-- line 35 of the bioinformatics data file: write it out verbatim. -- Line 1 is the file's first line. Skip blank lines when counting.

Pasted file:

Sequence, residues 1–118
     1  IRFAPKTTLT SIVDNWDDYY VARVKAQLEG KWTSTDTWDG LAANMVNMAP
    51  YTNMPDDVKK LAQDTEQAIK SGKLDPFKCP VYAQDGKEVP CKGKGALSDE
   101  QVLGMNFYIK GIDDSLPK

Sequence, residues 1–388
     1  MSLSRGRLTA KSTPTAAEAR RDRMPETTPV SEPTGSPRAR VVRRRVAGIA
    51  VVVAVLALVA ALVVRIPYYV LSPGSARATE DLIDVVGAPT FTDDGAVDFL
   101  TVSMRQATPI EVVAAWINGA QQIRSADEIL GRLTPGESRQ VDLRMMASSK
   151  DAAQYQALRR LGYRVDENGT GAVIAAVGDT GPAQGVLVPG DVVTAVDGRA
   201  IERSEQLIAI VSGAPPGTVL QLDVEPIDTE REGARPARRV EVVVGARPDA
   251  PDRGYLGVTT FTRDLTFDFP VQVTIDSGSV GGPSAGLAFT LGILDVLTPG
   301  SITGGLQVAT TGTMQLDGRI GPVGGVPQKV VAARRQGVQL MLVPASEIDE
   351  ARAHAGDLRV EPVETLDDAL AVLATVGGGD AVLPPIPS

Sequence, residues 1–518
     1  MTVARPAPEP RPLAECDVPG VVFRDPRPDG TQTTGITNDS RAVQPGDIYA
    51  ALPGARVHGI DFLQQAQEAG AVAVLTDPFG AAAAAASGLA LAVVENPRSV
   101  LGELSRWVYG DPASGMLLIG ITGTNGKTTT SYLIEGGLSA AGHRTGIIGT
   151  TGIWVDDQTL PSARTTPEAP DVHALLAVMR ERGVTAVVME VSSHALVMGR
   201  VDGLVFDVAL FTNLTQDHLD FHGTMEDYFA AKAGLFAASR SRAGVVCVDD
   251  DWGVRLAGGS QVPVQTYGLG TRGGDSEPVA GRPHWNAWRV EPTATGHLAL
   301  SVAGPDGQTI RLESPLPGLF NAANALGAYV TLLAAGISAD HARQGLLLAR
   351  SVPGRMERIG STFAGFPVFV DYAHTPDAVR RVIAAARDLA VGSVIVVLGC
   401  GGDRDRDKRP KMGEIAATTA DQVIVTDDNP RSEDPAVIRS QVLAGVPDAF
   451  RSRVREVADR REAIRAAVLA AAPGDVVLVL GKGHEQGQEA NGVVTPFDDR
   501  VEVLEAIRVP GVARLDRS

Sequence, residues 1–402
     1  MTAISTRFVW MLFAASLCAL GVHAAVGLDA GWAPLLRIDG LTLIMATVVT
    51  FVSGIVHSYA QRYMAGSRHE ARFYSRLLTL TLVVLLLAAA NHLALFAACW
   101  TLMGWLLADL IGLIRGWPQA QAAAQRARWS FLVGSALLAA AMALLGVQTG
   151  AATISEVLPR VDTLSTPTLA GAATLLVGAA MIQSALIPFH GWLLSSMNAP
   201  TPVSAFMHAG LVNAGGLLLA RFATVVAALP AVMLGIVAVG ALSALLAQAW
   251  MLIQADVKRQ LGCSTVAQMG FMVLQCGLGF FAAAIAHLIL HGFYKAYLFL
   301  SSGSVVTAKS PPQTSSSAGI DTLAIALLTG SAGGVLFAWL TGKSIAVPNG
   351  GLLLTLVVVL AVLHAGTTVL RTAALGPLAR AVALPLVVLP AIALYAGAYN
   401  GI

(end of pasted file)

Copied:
   401  GI